Professor Violet Harrington Bryan remembers the evening in December 1987 when she sat with Lolis Elie Sr., Jerome Smith, Tom Dent and George Wein to discuss their personal remembrances of literary lion James Baldwin. Bryan's tape of that conversation was lost when her study on Parkview Terrace in eastern New Orleans flooded head-high after Katrina. So were all the early works published by Dent, a poet and past director of the New Orleans Jazz & Heritage Foundation. "I'm glad the article about that conversation was published," says Bryan, a professor of English at Xavier University. Last week, on All Saints Day, Violet stood in the bones of the home where she and her husband, attorney Trevor Bryan, had moved when their oldest, Amy, was just 1 year old. That was in 1977. The neighborhood was convenient to everything via I-10, close to good schools, and Trevor's parents lived nearby. Like so many others in eastern New Orleans, they had found their piece of the American Dream.
Two weeks ago, a demolition crew came through and cleared out the sheetrock and furnishings. Now, like everyone on her quiet, oak-lined street, she's wondering whether her home and her neighborhood can be saved.
At dinner a few nights before, Trevor Bryan said they definitely planned to rebuild. His biggest concern was that they might fix up their property only to find that others in the neighborhood weren't willing to bring their homes back to their pre-Katrina condition. Like many local property owners, he's not sure that he'll get the value out of his home if he rebuilds it. And he worries that as the city delays in bringing back basic services -- water, gas and electricity -- property owners will grow discouraged.
"I've heard rumors that the city wants to make the East a mixed industrial area with housing for executives," Trevor says. Delays, he suggests, might encourage property owners to sell out at lower prices. "There's lots of room out here for golf courses," he said.
Mayor Ray Nagin's declaration that "We will rebuild New Orleans East" hasn't assuaged doubts. Many fear that the federal government will declare the area a flood plain -- something the city said won't happen. Others are concerned that the rebuilt levees won't protect them from another flood.
"The East" has seen tough times before. Rick Munch, the Bryans' across-the-street neighbor, said that his two-story brick colonial was five years and four owners old when he bought it in 1975. In those days, he said, oil and aerospace companies that grew up along Michoud Boulevard would move managers in and out of area houses, townhouses and apartments on a regular basis. When the oil industry in New Orleans crashed, housing changed. By the late 1980s, landlords hurting for tenants converted large areas to Section 8 housing, creating low-income islands in a previously white-collar, upwardly mobile sea.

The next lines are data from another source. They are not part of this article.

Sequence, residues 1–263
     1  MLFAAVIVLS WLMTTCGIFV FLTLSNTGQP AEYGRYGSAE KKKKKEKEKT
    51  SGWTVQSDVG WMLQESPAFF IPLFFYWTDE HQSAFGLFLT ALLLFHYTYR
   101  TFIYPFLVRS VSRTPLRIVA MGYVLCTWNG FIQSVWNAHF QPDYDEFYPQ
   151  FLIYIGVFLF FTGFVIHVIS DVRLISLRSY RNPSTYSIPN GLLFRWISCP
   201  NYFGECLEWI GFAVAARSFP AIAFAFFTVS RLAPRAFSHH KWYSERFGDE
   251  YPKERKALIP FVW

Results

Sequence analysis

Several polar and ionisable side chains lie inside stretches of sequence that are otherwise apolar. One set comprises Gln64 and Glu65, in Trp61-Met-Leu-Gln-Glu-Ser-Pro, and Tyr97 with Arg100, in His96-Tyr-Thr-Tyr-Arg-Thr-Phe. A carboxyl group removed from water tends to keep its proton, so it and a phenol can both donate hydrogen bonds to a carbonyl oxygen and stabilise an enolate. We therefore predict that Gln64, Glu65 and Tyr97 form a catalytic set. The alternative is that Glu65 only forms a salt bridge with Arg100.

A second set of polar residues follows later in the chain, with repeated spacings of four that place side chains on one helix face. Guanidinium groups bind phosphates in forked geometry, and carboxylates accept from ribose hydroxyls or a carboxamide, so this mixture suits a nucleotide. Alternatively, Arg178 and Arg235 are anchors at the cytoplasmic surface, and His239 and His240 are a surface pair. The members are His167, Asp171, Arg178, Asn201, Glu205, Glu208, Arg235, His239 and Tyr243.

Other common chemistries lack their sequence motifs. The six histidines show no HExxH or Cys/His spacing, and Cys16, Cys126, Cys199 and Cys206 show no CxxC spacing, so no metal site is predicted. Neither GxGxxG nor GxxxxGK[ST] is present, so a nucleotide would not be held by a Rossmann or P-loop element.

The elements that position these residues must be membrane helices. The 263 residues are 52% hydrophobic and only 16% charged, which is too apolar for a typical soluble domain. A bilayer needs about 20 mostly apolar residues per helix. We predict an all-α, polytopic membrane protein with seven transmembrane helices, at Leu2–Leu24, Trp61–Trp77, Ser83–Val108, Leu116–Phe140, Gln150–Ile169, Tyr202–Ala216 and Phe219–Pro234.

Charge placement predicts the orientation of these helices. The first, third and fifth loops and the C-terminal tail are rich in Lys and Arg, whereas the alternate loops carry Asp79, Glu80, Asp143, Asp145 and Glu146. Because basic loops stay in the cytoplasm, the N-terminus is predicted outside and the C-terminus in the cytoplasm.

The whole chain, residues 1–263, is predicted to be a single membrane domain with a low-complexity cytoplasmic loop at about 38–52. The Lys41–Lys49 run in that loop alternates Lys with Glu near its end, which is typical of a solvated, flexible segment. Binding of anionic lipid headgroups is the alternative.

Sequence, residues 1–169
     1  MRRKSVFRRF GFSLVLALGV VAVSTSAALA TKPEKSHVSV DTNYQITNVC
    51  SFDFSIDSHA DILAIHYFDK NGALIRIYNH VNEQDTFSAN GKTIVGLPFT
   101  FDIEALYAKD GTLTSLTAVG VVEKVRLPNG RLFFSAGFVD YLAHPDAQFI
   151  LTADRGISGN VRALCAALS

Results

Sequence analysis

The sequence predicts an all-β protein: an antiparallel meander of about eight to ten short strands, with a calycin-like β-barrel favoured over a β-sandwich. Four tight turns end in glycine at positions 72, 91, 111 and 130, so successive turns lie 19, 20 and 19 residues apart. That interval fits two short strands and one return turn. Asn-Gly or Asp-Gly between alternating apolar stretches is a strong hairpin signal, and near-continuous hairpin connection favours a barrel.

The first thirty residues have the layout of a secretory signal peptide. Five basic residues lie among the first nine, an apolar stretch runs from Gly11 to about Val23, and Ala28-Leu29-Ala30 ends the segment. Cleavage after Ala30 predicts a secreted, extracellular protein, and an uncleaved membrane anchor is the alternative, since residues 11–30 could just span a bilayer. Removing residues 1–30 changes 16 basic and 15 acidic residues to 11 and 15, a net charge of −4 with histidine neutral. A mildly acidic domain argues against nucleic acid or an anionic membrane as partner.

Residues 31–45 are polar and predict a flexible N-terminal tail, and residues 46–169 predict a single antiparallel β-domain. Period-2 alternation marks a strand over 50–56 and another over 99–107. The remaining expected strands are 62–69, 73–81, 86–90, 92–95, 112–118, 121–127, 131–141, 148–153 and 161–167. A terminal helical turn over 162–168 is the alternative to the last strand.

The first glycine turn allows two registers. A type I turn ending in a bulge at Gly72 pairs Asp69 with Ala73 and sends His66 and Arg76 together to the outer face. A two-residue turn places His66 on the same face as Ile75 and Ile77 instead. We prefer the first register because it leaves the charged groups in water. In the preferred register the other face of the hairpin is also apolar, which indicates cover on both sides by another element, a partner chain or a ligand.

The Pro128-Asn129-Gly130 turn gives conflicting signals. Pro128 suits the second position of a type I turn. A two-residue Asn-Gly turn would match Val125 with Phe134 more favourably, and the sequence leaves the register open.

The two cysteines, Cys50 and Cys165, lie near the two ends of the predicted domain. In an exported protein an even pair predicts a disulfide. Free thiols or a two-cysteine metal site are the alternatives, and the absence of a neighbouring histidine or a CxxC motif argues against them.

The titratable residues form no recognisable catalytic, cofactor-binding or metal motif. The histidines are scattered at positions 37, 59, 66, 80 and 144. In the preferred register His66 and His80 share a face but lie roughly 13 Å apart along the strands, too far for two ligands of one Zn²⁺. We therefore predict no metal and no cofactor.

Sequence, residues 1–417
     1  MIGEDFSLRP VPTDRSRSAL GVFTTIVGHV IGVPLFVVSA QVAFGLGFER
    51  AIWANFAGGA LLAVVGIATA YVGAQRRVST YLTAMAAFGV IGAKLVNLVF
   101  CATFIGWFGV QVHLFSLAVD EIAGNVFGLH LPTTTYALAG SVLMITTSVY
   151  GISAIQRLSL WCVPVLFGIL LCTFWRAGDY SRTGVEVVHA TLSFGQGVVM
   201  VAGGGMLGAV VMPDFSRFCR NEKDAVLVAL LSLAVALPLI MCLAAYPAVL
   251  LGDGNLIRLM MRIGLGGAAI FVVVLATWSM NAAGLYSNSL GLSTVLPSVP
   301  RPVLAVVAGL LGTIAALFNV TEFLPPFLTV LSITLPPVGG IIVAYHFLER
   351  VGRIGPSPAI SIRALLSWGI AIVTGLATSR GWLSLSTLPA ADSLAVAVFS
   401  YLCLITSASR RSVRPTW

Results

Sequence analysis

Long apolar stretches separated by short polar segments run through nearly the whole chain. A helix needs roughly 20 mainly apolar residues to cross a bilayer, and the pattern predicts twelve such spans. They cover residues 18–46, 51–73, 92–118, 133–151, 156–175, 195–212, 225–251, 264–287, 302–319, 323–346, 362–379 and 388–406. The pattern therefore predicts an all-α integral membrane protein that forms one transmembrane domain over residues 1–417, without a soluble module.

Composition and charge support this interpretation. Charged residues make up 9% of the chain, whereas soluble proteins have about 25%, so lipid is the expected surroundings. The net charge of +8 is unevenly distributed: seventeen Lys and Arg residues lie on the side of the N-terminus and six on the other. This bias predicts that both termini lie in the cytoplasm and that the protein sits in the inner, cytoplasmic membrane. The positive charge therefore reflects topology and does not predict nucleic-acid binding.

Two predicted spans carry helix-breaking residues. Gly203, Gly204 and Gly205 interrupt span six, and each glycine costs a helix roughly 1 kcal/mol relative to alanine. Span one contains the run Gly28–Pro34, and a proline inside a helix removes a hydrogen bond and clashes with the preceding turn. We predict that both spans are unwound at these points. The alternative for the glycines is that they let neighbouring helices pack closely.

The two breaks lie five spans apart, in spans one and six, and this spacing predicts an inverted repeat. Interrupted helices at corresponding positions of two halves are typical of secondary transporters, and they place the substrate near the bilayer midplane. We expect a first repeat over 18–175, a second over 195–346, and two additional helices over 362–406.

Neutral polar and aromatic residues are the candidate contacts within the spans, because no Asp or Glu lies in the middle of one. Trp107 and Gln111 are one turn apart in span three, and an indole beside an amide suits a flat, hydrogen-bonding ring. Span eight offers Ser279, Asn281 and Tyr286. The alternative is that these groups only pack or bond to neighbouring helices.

On the south side of the interstate, a more lavish set of flood-gashed houses rises at the edge of the Louisiana Nature Center in view of Joe Brown Park. Here, in the Marks subdivision next to Lake Forest Estates, Edgar and Alva Chase lived with their three boys for 22 years.
"We moved there on Sept. 26, 1983," says Edgar, a past dean at Dillard University who now co-chairs the mayor's subcommittee on Historic Preservation. Every morning at 6 a.m., he and Alva would walk the neighborhood and see the same people following their routines. "You could almost set your watch by Dr. Keith Ferdinand," Chase recalls. "He was a runner. He turned the corner each morning at 6:15."
It was a diverse neighborhood. Chase's neighbors across the street were Vietnamese, while those to one side were Chinese. About 90 percent of his neighbors are coming back, he says. One neighbor even has his American flag flying out front.
The Chases won't be returning, however. They plan to buy a lot Uptown and use it to build a raised Creole cottage. "I'm looking for the 'B' sections on the flood plain," says Chase en route to his temporary home in Dallas. They were lucky, he says; most of the family photos were stored above the level of the flood, and the house was paid for.
Aaron Comeaux, a retired Mobil administrator, knows that his Eastover home was built in accordance with the 1984 Federal Flood Insurance guidelines; he built it. Nonetheless, he got more than five feet of water inside the raised slab cottage where he's lived for the last two and a half years.
Most of his neighbors, he says, have already gutted their homes, and the neighbors on either side have told him they're coming back. Comeaux is gutting his house, too, driving from his son's home in Houston on weekends to work on it. He's not sure what the next step will be, though he ventures that the storm might actually help the East come back to be the middle-class Mecca it once was.
"Everything is so puzzling," said Comeaux. "The officials from New Orleans keep saying everything is okay, but they said that before all this happened."
- Donn Young
- On All Saints Day, Xavier University professor Violet Harrington Bryan stood in the bones of her eastern New Orleans home where she and her husband, attorney Trevor Bryan, moved in 1977. They vow to rebuild.